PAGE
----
I care deeply about all children. Yesterday I mentioned that I’m not a parent or a teacher, but today I’d like to mention that as someone who cares deeply about children, I still have strong ideas about how to raise and teach them. That’s one of the reasons I want to be a children’s author. That’s also why I’d like to share these thoughts with people who have more experience with children than I do and see what their thoughts are. If you are a parent or a teacher, please tell me your thoughts. If you’re not a parent or teacher, please still tell me your thoughts, because I’d like to hear from everybody!
Yesterday I talked about one of the reasons secrets can be problematic for children, which is that children often treat secrets as a form of passing the torch. Another reason is that secrets can be scary. I think most children get scared when someone tells them not to repeat something to anyone else. This is true even when there is nothing scary about the secret itself. If somebody tells a child not to tell somebody something, whether it’s another child or an adult, chances are the child will get scared. A little bit of getting scared is okay for a child, as long as it’s the right kind. When I say the right kind, I’m talking about scary things in movies, books, TV shows, and of course on Halloween. Fear of keeping a secret is the wrong kind of getting scared for a child, one that should be avoided. That’s why adults should never tell children to keep secrets. It’s also why a very important part of stranger danger is teaching children not to keep secrets from their parents, especially if someone tells them to. I would even argue that this is why children should be discouraged from telling each other secrets. How parents and teachers can prevent this is difficult to suggest. My best advice is to tell a child that if another child tells him or her to keep a secret, he/she should be honest with the other child and say he/she can’t keep a secret. This would allow the child wanting to tell the secret to decide whether or not he/she wants to tell his/her friend something he/she may want to keep private.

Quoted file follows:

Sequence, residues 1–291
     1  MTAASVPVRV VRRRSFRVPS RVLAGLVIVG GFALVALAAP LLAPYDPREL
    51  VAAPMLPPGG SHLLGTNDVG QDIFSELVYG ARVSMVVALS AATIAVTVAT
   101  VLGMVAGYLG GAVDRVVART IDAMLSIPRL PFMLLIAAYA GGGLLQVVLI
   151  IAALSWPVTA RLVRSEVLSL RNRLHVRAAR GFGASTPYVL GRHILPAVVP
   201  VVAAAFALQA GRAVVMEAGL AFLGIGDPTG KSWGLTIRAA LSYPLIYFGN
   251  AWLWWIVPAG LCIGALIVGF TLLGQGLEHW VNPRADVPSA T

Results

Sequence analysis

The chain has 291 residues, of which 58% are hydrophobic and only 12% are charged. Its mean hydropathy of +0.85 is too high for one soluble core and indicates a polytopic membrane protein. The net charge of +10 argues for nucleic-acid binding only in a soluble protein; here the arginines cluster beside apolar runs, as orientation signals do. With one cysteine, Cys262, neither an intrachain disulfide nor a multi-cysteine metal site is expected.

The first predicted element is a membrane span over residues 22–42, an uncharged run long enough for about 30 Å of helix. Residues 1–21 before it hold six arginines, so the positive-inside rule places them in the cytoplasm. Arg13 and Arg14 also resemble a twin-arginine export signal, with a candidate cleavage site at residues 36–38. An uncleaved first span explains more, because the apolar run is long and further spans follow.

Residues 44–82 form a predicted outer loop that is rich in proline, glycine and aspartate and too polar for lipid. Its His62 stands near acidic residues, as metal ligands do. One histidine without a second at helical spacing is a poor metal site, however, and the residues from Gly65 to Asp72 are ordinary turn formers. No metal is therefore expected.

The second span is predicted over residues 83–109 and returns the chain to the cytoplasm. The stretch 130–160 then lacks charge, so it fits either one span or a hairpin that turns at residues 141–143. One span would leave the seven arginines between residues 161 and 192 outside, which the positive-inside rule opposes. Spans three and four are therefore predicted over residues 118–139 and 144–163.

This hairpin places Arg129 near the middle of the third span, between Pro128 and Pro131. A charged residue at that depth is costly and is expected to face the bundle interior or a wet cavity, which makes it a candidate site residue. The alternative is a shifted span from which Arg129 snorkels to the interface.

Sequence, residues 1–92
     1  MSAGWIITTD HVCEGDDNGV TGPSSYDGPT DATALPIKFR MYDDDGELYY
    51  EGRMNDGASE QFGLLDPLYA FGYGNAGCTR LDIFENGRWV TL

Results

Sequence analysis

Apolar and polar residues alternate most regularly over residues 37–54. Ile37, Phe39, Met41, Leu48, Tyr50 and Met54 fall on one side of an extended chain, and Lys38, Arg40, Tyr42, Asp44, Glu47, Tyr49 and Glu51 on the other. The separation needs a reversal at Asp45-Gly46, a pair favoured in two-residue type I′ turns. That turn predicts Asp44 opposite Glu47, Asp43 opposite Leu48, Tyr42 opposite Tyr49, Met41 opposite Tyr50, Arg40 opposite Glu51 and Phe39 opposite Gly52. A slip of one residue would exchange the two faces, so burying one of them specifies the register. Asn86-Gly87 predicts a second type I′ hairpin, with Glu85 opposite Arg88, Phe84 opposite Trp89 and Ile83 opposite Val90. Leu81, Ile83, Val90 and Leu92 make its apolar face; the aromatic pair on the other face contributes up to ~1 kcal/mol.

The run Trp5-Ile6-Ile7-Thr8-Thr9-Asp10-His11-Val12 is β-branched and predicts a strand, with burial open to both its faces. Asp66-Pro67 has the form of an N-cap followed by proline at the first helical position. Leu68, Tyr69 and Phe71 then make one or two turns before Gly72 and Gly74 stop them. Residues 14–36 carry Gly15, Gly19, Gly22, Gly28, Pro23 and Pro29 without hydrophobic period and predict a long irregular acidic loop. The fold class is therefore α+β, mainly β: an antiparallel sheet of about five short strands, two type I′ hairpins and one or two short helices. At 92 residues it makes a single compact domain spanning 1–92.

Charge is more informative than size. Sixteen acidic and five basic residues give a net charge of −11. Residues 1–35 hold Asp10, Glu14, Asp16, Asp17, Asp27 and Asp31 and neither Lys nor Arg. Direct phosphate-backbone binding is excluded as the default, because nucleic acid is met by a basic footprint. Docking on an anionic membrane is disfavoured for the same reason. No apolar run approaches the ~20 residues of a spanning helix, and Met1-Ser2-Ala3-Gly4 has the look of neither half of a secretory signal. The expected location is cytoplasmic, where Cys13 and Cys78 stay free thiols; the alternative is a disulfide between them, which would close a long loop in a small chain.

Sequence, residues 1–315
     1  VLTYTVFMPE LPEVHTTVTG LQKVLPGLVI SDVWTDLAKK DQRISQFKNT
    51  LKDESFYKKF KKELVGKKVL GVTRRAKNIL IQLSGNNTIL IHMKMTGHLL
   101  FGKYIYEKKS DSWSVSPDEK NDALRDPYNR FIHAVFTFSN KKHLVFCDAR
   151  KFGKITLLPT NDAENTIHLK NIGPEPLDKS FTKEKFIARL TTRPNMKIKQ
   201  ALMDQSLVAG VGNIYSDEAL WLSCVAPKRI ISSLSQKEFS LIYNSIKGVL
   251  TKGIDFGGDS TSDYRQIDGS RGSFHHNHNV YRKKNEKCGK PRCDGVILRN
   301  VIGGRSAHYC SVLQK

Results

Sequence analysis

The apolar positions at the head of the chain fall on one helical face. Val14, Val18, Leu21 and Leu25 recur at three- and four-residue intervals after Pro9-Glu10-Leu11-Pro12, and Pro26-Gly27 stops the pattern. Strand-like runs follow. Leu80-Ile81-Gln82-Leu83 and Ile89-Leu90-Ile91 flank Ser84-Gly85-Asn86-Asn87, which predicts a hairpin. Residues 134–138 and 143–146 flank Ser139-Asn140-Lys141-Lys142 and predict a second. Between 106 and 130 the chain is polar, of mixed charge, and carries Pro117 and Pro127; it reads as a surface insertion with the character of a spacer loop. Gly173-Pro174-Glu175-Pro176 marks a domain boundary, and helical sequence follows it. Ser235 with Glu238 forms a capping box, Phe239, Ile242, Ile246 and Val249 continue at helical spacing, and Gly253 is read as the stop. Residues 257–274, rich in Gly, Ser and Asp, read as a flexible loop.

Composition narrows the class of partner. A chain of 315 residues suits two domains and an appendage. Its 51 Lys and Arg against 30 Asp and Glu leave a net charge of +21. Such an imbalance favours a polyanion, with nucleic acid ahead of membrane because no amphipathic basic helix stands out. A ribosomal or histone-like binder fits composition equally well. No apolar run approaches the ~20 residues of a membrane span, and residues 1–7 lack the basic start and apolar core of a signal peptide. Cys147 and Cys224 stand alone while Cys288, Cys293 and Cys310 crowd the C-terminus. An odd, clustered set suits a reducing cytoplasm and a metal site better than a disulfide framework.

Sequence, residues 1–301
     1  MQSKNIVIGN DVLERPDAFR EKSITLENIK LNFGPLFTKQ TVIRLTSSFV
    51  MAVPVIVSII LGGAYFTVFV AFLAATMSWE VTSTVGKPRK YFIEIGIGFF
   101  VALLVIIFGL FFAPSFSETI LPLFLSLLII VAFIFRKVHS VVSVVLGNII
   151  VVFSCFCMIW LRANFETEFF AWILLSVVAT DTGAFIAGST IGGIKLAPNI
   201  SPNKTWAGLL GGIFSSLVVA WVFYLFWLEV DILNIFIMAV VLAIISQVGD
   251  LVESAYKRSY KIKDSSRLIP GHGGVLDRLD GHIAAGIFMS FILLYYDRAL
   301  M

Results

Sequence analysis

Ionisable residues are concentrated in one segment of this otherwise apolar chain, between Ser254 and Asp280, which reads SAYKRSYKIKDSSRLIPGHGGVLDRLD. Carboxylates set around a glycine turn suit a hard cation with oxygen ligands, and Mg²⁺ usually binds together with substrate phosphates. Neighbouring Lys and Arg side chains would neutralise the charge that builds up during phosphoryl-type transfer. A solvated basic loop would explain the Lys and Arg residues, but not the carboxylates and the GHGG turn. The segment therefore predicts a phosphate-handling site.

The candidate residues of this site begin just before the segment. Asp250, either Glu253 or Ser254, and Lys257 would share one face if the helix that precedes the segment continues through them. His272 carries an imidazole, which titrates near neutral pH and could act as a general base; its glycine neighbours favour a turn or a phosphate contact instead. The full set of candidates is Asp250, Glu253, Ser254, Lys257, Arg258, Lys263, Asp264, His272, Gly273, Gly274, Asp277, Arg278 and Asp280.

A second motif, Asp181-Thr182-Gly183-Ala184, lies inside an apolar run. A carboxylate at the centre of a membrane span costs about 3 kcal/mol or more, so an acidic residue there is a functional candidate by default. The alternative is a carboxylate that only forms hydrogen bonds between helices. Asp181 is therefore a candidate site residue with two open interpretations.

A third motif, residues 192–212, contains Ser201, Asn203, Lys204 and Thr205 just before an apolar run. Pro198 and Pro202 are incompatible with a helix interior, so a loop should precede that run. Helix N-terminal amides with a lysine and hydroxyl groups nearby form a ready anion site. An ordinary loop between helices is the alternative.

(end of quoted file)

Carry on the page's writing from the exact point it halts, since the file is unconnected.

This is today’s writing exercise response. It was inspired by a freewrite on the word “secrets,” which in turn is one of many prompts suggested by “Story Sparkers: A Creativity Guide for Children’s Writers” by Debbie Dadey and Marcia Thornton Jones, authors of the popular Bailey School Kids’ Club series. This is Part 1, and I will post Part 2 tomorrow.
This response has some of the same sentiment as yesterday’s post about a TV free childhood. It talks about both oral storytelling and what I feel is important in raising and teaching children, oral storytelling being one of those things. I am not a parent or a teacher, so these views could be completely wrong in the eyes of people who have more experience with children. I’d understand if that’s the case, and I’m encouraging parents and teachers to tell me their thoughts on this post and the “TV Free Childhood” post. I look forward to seeing their responses as well as anyone else’s.